I think Denzel Washington would make a pretty good John Stewart GL; however, and despite the fact that he still looks good, isn't he getting a bit old to play a superhero?

As for the Supes/Bats story, thanks for another thorough review Karen and Doug. Seems like it is indeed a good story, but man, that art. Sorry, I'm still not sold on Ross...

Karen said...

I have my reservations about where they seem to be going with this second Man of Steel film, or Superman vs. Batman -whatever they wind up calling it. As MattComix said, if they spend the whole film fighting each other, they're the biggest idiots ever. But I am assuming they start out on opposite sides of the fence and eventually (mid-picture?) join forces.

I don't really want to see too many other DC characters pop up unless the intent is really to turn this into a Justice League film. Denzel Washington is a fine actor, but does seem a bit old for John Stewart. I could see them going with Stewart over Jordan though, as otherwise the Justice League could be exceedingly devoid of diversity. Including Stewart means they don't have to change the ethnicity of an existing character, and we don't have to have fans freaking out over an African American Flash, for example.

Mostly I am just concerned about Batman. I'd like to get an on-screen Batman who isn't a psychopathic, screaming jerk, but a cool cat who is mysterious and always a step ahead of everyone else.

Doc Savage said...

Don't know how you'd have Batman and Superman fight for more than a second. Superman immobilizes Batman 4,000 different ways before Batman can move. Fight over. Unless we're playing Supermoron to make Batman seem cool and edgy. Remember Superman is smarter than Batman, or was until the late '80s when it was decided that anyone that nice has to be equally stupid or incompetent.

Teresa said...

I love the panel where Batman asks "You ok?"
It looks like they are two cops that just had a close call. Batman has a concerned, but relaxed "another day on the force" look.
They are equals as partners and friends. They have seen a lot go down over the years. There isn't any foolish "grim -n- gritty" baggage between them.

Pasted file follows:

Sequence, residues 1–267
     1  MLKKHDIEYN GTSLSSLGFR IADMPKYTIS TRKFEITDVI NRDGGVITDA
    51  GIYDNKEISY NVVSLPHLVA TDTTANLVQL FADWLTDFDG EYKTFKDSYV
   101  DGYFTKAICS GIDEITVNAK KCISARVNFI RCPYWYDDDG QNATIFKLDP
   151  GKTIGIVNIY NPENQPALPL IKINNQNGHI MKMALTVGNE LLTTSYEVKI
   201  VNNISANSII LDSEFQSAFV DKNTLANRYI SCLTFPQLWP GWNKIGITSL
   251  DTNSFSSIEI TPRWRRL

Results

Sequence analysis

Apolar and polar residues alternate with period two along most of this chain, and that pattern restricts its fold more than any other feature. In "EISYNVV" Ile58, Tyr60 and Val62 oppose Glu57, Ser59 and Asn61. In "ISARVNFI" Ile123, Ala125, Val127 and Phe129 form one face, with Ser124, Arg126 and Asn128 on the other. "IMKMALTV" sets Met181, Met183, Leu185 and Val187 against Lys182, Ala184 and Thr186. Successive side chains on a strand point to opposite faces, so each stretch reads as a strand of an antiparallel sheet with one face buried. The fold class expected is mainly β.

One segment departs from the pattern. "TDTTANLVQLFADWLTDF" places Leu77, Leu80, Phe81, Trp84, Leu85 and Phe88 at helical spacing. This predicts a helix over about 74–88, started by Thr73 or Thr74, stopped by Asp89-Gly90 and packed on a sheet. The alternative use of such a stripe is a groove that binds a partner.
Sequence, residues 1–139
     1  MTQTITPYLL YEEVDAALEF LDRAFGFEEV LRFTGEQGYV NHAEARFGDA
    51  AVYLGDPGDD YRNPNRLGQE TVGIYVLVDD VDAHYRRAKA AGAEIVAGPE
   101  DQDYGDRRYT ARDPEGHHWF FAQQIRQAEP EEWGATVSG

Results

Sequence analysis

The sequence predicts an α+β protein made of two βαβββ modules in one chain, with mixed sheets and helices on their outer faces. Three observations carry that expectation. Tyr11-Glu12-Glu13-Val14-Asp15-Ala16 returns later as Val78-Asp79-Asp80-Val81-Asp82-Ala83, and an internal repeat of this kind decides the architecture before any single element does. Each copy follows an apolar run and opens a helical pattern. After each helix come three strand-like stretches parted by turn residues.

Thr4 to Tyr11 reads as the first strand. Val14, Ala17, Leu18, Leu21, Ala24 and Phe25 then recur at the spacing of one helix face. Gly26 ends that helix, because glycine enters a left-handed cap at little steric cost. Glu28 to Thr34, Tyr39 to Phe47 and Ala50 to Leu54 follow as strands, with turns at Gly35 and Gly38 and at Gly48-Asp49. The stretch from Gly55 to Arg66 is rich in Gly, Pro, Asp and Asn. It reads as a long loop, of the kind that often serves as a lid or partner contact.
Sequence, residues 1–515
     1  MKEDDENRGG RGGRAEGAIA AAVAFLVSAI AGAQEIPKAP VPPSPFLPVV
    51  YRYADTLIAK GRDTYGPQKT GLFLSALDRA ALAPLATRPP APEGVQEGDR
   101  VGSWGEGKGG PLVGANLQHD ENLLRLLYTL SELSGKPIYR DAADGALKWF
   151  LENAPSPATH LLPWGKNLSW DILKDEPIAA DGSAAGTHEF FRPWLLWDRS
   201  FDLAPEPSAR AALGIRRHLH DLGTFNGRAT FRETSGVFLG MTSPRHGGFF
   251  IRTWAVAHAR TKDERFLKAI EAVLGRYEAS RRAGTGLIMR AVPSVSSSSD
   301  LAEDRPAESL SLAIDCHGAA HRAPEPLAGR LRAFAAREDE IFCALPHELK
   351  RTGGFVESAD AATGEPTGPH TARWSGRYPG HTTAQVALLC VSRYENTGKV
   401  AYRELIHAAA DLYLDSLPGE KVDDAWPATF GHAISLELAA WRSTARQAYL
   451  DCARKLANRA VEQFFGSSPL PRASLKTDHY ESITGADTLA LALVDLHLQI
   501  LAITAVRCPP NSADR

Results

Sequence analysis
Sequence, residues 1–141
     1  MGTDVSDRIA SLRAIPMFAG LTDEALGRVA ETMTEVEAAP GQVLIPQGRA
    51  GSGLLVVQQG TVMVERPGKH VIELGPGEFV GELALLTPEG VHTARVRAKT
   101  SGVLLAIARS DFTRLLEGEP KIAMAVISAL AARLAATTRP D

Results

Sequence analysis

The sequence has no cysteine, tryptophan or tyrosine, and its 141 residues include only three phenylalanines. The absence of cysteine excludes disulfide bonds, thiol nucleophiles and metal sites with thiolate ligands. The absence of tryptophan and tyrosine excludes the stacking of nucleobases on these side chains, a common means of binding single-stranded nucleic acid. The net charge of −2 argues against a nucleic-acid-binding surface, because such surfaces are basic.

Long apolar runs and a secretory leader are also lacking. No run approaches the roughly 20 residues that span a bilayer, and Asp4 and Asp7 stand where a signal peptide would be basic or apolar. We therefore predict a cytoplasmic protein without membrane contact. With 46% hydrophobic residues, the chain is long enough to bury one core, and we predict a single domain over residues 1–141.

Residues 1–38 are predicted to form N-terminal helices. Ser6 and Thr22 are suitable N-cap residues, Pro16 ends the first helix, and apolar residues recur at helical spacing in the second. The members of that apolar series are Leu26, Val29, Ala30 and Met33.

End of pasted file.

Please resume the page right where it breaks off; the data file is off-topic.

There have been stories that came and went about government owned kryptonite. Superman gave the government Kryptonite or they kept some on their own. Depends on which continuity.

Doug: "some new readers might think this is some sort of Elseworlds story!"

That is so sad.

Fred W. Hill said...

Nice story and great art, and Batman comes off as dedicated, smart and humane, rather than the Milleresque arrogant "goddamned Bat" jerk.
Regarding the black vs. blue parts of Batman's costume, as with Spider-Man, just based on what I've seen of the earliest stories it seems it was originally black with blue highlights but gradually became all blue instead. The black makes much more sense, particalarly from a "creature of the night" aspect, but blue is more appeal to the kids friendly. All that aside, the thing that really gets me (as an adult) about typical superhero costumes is that the guys must all have an extra power to hold it in when they gotta go. One more reason for superheroes to abstain from drinking a lot of beer before suiting up for action!

Anonymous said...

I'm with Karen - I hope the producers of the upcoming Superman/Batman movie take a good look at material like this issue. Some conflict is good, after all they both have differing crimefighting styles, but ultimately they're both on the same side. The movie should highlight that.

As for Ross's non-traditional emblems and colours, well I actually kinda like it. It's different from your typical renditions of both men but it's still Superman and Batman.

-Mike 'what about a Flash movie?' from Trinidad & Tobago.

Doc Savage said...

I kinda wish DC/WB would take another cue from Marvel and USE OTHER CHARACTERS. Enough already with Batman and Superman... how about Aquaman, Flash, the Atom, Black Lightning, Metamorpho, even Firestorm or Vixen? Metal Men? Doom Patrol? How about a New Teen Titans movie or series of movies (Judas Contract could be a sequel if you introduce Terra in the latter part of a prior film)?

Karen said...

Matt, I was saying the same thing the other day about DC and their animated features. It's all Superman/Batman or occasionally Justice League. How about some variety? I recall a few years ago, when they were just getting their DC Animated features up and running, Paul Levitz was at the San Diego Comic Con and he outlined some of the features they'd be making, and he named things like the Judas Contract and the Great Darkness Saga, amongst others. Quite a few that he named were older, beloved stories. But it seems like the animated features are concentrating on newer material. I read that the next one will be based on the New 52 Justice League. Really? Are there more people clamoring for that than a Legion story or Teen Titans or heck, anybody but New 52 characters?

Batman said...

John Byrne had the piece of Kryptonite going to Batman in his Man of Steel limited series, so this is nothing new. I would hope that long time readers have enjoyed the stories from the 70's and 80's as if they're fresh, and it's always good to see new artistic interpretations....

Related Posts with Thumbnails